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More on the Second Amendment and Corpus Linguistics
Michael Ramsey

At Language Log, Neal Goldfarb: Corpora and the Second Amendment: Responding to Weisberg on the meaning of "bear arms".  It begins: 

The Originalism Blog has a guest post, by David Weisberg, taking issue with the conclusion in Dennis Baron's Washington Post op-ed that newly available evidence of historical usage shows that in District of Columbia v. Heller, Justice Scalia misinterpreted the phrase keep and bear arms. That's an issue that I wrote about yesterday ("The coming corpus-based reexamination of the Second Amendment") and that I'm going to be dealing with in a series of posts over the next several weeks.

One of Weisberg's arguments concerns a linguistic issue that I'm planning to address, and I think that Weisberg is mistaken. At the risk of getting out ahead of myself, I want to respond to Weisberg briefly now, with a more detailed explanation to come.

And from the core of the argument:

Weisberg frames the issue as relating to the meaning of the verb bear, and he argues that even if "the phrase 'bear arms' was almost always used around the time of the founding in a military context," that would not "that change the primary meaning of the verb 'bear,'" which he describes as meaning carry. That argument will undoubtedly strike most people as perfectly reasonable.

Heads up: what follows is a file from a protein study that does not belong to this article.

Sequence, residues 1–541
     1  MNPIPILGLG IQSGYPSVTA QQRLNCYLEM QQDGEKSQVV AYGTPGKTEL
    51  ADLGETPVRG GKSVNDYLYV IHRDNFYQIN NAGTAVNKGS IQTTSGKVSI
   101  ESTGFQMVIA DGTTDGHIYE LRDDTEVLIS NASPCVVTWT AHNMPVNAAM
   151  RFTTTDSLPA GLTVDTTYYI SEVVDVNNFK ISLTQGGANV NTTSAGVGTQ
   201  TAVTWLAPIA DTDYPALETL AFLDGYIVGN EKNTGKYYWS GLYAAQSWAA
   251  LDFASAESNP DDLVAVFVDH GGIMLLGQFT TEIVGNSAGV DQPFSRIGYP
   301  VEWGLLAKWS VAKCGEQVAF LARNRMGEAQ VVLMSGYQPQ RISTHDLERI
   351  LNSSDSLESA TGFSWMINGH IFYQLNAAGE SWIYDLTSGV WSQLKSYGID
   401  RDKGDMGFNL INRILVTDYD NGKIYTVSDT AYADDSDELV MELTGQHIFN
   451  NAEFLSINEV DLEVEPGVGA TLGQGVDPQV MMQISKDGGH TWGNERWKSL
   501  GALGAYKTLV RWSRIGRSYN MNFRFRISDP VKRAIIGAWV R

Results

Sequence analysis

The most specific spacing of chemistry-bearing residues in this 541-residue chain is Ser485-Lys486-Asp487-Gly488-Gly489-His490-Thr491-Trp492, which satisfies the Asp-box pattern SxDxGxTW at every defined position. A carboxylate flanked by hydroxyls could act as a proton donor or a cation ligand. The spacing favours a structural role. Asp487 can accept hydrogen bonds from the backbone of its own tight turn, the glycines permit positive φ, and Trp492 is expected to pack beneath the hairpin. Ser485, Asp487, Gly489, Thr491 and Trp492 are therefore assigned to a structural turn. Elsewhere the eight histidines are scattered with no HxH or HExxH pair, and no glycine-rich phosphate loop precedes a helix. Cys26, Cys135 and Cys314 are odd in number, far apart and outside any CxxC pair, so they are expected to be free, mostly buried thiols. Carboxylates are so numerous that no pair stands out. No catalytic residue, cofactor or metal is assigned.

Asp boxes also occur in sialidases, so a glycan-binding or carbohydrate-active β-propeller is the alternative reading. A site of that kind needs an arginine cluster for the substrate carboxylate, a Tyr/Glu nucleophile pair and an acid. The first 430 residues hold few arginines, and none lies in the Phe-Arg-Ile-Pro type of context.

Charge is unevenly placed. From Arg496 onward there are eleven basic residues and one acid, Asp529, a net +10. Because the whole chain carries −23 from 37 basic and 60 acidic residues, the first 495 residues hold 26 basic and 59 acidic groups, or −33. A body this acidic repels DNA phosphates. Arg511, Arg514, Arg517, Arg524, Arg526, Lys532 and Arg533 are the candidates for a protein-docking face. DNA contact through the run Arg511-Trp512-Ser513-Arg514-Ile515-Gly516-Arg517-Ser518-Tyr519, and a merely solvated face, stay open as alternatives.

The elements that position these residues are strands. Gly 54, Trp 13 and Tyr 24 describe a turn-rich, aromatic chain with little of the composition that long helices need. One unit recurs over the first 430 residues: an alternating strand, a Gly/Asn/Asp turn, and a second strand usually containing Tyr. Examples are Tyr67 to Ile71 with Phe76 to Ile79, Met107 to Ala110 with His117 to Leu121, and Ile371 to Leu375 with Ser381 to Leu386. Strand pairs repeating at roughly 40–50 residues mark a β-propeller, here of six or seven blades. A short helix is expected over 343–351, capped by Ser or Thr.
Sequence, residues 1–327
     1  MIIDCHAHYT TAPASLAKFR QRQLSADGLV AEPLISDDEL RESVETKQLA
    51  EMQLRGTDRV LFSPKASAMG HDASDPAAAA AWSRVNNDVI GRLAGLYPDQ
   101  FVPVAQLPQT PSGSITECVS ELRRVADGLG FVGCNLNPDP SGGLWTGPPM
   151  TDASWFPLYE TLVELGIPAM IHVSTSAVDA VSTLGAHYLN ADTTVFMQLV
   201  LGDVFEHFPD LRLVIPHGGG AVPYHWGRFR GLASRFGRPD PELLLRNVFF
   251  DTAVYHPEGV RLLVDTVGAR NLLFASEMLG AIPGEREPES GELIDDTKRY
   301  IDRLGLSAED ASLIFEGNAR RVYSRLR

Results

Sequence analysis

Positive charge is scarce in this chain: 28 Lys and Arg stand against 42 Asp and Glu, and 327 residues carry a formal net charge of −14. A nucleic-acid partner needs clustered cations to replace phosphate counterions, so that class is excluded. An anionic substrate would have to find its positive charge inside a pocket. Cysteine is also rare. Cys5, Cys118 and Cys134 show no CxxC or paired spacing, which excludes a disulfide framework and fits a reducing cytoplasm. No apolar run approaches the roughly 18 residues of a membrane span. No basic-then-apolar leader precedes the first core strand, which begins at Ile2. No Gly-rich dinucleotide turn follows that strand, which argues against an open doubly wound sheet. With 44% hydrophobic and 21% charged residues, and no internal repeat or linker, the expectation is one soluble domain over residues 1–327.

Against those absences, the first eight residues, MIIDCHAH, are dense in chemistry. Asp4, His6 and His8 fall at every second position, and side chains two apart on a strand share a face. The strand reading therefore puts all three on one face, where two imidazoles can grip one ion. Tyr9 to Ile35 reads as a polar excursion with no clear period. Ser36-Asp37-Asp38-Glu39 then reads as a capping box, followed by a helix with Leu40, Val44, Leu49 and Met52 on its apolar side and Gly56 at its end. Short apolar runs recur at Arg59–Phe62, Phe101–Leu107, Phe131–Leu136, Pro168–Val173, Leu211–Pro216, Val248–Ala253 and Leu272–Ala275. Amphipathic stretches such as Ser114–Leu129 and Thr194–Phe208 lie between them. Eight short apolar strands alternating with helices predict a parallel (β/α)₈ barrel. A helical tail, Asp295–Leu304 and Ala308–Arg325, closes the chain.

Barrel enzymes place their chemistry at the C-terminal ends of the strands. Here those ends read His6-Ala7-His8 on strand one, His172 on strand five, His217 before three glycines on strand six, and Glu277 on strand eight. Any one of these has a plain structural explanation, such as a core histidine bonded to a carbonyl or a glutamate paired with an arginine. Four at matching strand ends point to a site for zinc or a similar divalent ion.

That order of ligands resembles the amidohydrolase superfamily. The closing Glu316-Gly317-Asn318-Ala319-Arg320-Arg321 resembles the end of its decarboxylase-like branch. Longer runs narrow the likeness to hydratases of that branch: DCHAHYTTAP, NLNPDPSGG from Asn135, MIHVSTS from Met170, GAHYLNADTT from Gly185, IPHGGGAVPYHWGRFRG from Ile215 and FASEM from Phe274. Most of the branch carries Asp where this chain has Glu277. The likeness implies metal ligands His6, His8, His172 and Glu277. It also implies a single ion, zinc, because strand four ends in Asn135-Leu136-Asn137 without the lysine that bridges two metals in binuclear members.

But what has been revealed by corpus linguistics (particularly corpus lexicography) is that Weisberg's framing is wrong. The issue is not what bear means in isolation, it is what the phrase bear arms means. Because the meaning of a word as used in a particular context is very often affected by that context. So words are not necessarily the basic units of meaning. And it is entirely possible that in its most frequent use,  bear arms was not synonymous to carry arms.

Neal Goldfarb also has the very helpful post, mentioned in the quote above: The coming corpus-based reexamination of the Second Amendment.

I think the corpus linguistics analysis of the Second Amendment is going to be a very big deal, and an important test both for corpus linguistics and for gun rights advocates.  (And I'm starting to think that this post is more important than I thought at the time.)